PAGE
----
Colby is committed to the belief that the best preparation for life, and especially for the professions that require specialized study, is a broad acquaintance with human knowledge. The Colby experience is designed to enable each student to find and fulfill his or her own unique potential. It is hoped that students will become critical and imaginative thinkers who are welcoming of diversity and compassionate toward others, capable of distinguishing fact from opinion, intellectually curious and aesthetically aware, adept at synthesis as well as analysis, broadly educated with depth in some areas, proficient in writing and speaking, familiar with one or more scientific disciplines, knowledgeable about American and other cultures, able to create and enjoy opportunities for lifelong learning, willing to assume leadership roles as students and citizens, prepared to respond flexibly to the changing demands of the world of work, useful to society, and happy with themselves.
Colby stands for diversity, for respect for various lifestyles and beliefs, and for the protection of every individual against discrimination. In the classroom and outside, there is freedom to study, to think, to speak, to work, to learn, and to thrive in an environment that insists upon both civility and the free and open exchange of ideas and views. The behavior of individuals may often affect the rights and well-being of others; therefore all members of the campus community are responsible for fostering an environment in which teaching, learning, and research flourish.
The Colby Plan is a series of 10 educational precepts that reflect the principal elements of a liberal education and serve as a guide for making reflective course choices, for measuring educational growth, and for planning for education beyond college. Students are urged to pursue these objectives not only in their course work but also through educational and cultural events, campus organizations and activities, and service to others. These precepts, which the College believes are at the heart of a liberal arts education, are as follows:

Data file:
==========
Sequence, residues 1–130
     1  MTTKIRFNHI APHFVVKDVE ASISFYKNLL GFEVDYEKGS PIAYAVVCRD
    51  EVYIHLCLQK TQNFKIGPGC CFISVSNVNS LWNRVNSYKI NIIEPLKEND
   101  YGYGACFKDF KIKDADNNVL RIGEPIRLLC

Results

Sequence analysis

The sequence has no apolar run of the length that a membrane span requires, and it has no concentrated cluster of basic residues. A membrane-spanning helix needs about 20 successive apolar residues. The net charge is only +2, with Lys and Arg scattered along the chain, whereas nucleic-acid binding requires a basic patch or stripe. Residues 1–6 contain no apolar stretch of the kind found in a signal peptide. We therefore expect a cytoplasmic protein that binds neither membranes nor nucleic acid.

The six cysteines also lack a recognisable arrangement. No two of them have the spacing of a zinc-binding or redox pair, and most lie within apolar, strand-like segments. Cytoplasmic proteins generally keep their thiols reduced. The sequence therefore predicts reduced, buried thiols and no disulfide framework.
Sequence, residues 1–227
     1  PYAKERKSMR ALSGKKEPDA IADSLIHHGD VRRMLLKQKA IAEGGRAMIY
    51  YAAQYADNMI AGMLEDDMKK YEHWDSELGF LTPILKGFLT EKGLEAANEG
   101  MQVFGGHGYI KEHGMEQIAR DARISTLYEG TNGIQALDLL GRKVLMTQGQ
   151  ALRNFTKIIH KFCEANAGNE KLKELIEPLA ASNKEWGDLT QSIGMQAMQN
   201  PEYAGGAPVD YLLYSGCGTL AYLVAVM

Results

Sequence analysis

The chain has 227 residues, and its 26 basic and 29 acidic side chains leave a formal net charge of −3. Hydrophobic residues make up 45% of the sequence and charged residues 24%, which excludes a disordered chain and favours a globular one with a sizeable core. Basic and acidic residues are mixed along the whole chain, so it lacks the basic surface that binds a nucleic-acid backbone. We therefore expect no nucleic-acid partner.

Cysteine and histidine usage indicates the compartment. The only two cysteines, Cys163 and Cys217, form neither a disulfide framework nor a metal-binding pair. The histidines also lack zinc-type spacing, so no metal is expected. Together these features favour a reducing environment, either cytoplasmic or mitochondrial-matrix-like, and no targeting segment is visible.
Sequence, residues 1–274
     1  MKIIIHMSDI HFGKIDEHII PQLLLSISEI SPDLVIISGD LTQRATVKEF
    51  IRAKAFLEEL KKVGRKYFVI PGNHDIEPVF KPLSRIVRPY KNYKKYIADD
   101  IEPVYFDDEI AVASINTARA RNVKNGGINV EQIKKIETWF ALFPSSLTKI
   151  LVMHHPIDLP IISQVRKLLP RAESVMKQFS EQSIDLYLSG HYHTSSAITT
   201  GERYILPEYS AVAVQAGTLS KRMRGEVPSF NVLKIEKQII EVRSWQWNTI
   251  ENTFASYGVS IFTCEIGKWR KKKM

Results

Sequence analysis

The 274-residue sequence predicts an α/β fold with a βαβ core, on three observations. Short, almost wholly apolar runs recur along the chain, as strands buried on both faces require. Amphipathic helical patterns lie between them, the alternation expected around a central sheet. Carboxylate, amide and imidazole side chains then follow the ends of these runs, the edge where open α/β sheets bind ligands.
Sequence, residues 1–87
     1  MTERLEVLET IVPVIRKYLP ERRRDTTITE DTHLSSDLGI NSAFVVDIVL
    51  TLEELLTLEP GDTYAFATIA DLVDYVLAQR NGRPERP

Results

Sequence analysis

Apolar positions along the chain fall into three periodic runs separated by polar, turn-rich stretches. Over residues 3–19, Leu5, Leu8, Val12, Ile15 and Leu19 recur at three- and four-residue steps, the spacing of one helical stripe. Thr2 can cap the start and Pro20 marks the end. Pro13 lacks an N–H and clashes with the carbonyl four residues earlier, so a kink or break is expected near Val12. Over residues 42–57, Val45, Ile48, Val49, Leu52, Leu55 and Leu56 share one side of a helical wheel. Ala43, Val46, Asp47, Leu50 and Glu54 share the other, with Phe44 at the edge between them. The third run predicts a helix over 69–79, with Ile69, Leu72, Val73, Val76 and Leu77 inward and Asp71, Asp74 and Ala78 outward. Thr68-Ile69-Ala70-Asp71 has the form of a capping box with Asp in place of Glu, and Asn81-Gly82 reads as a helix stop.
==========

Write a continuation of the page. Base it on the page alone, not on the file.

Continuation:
- to develop one’s capability for critical thinking, to learn to articulate ideas both orally and in writing, to develop a capacity for independent work, and to exercise the imagination through direct, disciplined involvement in the creative process
- to become knowledgeable about American culture and the current and historical interrelationships among peoples and nations
- to become acquainted with other cultures by learning a foreign language and by living and studying in another country or by closely examining a culture other than one’s own
- to learn how people different from oneself have contributed to the richness and diversity of society, how prejudice limits such personal and cultural enrichment, and how each individual can confront intolerance
- to understand and reflect searchingly upon one’s own values and the values of others
- to become familiar with the art and literature of a wide range of cultures and historical periods
- to explore in some detail one or more scientific disciplines, including experimental methods, and to examine the interconnections between developments in science and technology and the quality of human life
- to study the ways in which natural and social phenomena can be portrayed in quantitative terms and to understand the effects and limits of the use of quantitative data in forming policies and making decisions
- to study one discipline in depth, to gain an understanding of that discipline’s methodologies and modes of thought, areas of application, and relationship to other areas of knowledge
- to explore the relationships between academic work and one’s responsibility to contribute to the world beyond the campus.